This issue has been going on since the beginning of June, and a recorded 10 migrants have died in the journey specifically from Calais to the other end of the Channel. This is an issue of international security for which no clear solution has been found thus far, neither the migrants seeking refuge nor the European nations themselves.

Alexandrea Jacinto

Sources: The New York Times, BBC
Photo: The New York Times

Income inequality is one of the biggest issues facing the world today. There is not a nation on Earth that is not affected by it in some way or another. The United Kingdom is currently facing a food crisis of national proportions with hundreds of thousands having to access emergency shelter food. Income inequality is also driving a wedge deeper and deeper in the British economy, making daily life even more difficult for working class families.

According to a study that was published by the charity organization Oxfam, the United Kingdom’s richest .1% have had their own personal incomes grow by over four times what the lowest 90% of Britain’s population have. Oxfam’s study used Forbe’s latest list of billionaires, and goes on to say that the United Kingdom’s five richest families have a total worth of over 28.2 billion pounds while the lowest 20% of the United Kingdom’s population only accumulated 28.1 billion pounds.

The Duke of Westminster topped the list of the top richest families in the United Kingdom. Gerald Cavendish Grosvenor is worth over 7.9 billion pounds and owns over 100 acres in London and Belgravia. The second highest were the Reuben brothers who are deal in extremely profitable metal business deals. Their company Trans World Metals, at its peak, controlled over 5% of the world aluminum supply. The third family on the list are the Hinduja Brothers who are worth over 6 billion pounds. The Hinduja brothers gained their fortunate by creating the Hinduja Group, which is conglomerate that oversees more than 21 companies that range from banks, to transportation systems, to chemical plants.

The fourth richest family in Britain is the Cadogan Family; the Viscount and Viscountess of Chelsea and their net worth of over 4 billion pounds. The fifth name on the list is Mike Ashley, owner of the prestigious football club Newcastle United who brought up the rear at 3.3 billion pounds.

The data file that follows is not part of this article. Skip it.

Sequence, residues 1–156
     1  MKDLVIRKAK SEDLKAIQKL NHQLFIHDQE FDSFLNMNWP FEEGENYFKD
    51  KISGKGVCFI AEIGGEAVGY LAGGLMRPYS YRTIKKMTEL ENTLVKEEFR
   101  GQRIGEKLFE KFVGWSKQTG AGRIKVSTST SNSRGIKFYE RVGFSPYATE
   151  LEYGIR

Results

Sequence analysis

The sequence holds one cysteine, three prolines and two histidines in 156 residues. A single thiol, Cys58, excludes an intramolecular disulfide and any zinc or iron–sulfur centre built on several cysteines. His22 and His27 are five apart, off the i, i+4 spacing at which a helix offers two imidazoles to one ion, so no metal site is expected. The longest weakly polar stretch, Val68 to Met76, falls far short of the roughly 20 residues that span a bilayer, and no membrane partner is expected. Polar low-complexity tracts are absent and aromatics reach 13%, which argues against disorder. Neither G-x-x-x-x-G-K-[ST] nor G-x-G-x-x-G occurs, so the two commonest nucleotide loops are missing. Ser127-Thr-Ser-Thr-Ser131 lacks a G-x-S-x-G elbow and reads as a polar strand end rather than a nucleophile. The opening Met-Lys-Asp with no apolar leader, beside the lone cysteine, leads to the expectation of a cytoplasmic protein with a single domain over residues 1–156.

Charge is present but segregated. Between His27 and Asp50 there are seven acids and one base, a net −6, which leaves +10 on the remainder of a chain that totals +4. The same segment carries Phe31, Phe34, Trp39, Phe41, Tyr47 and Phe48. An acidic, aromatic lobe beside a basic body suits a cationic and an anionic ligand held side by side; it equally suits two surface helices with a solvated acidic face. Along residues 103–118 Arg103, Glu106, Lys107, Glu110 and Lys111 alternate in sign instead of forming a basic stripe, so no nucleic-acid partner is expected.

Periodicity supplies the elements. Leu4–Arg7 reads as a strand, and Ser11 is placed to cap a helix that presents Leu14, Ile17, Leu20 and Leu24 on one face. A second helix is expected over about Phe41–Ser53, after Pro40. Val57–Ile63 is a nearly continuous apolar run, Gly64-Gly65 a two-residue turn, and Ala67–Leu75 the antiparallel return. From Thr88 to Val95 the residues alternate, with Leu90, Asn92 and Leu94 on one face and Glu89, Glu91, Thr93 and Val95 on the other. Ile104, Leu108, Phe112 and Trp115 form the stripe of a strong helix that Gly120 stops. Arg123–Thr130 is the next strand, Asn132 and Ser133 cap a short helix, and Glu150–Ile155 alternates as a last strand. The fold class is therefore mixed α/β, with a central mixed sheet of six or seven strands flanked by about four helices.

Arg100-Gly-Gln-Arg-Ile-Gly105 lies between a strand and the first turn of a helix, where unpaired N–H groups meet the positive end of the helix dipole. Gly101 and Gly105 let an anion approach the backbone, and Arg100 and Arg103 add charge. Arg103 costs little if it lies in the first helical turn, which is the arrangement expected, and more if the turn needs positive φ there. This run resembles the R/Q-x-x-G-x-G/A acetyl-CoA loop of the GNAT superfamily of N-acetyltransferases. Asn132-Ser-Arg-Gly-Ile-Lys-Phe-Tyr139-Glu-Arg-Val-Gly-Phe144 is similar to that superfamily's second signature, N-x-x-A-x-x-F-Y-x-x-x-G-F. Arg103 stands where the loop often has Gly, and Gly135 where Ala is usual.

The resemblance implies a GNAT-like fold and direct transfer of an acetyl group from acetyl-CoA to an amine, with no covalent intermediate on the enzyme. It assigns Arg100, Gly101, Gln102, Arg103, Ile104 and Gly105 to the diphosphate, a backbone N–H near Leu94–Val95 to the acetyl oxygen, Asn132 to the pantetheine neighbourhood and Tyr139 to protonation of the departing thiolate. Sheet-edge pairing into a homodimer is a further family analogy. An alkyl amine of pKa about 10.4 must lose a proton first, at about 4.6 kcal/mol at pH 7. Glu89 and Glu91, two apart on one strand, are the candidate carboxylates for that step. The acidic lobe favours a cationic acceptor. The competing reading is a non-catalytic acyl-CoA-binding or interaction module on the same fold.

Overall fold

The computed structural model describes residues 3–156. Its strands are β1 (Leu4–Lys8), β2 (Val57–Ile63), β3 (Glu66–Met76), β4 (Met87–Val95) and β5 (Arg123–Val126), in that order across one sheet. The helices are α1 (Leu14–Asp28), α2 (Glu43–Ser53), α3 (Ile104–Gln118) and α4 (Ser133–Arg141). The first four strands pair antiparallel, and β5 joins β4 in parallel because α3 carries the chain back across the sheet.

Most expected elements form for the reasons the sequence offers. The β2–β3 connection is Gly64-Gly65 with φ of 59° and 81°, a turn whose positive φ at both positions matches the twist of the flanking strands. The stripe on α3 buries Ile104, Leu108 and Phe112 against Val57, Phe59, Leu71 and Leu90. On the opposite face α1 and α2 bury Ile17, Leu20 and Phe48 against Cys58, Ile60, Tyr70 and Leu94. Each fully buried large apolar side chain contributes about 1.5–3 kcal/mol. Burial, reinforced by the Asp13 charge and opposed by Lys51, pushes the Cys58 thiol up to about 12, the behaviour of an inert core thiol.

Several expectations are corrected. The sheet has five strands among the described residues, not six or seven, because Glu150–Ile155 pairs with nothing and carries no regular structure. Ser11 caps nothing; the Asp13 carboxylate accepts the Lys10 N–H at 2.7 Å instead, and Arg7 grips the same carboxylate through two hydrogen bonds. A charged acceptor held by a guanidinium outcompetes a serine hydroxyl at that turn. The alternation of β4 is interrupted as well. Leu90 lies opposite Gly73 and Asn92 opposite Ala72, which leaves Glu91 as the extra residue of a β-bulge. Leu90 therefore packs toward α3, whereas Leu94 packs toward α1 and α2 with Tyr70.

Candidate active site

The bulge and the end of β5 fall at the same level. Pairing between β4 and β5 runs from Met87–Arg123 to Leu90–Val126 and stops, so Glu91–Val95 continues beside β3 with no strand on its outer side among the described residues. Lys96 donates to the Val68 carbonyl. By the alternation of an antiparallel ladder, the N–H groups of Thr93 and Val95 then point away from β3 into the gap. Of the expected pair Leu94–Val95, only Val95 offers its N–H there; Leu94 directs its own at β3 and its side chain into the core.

The wealth that these families have accumulated is both astounding and impressive. However, in 2014 one of the biggest issues to both world leaders and citizens alike is the ever present issue of income inequality. The World Economic Forum declared that income inequality is one of the biggest threats that the world is facing today. Jennifer Blanke, the World Economic Forum’s Chief Economist cited the Arab Spring, as well as recent issues in both Brazil and South Africa as examples of how “…people are not going to stand for it anymore.”

The news that the top five richest families in Britain have accrued as much wealth as the bottom 20% is another piece of the income inequality puzzle that needs to be addressed and examined in a timely manner. The continuing rift between the rich and poor in every country around the world must be a main focus for the world’s leaders in order to take steps to address this issue.

– Arthur Fuller

Sources: The Guardian, The Independent, The Independent, The Guardian
Photo: Salon

On February 12, over 140,000 people signed a petition created by The Daily Mail to have foreign aid money go to victims of recent destructive flooding in Britain.

The floods took place over six weeks ago and many British citizens are trying to put pressure on Prime Minister David Cameron to put more funds towards helping flood victims. Cameron has refused to use foreign aid money for these purposes, saying, “I don’t think it’s needed to go for the aid budget because we will make available the money that’s needed in Britain.”

Many global poverty experts have spoken about this campaign, calling it “outrageous.”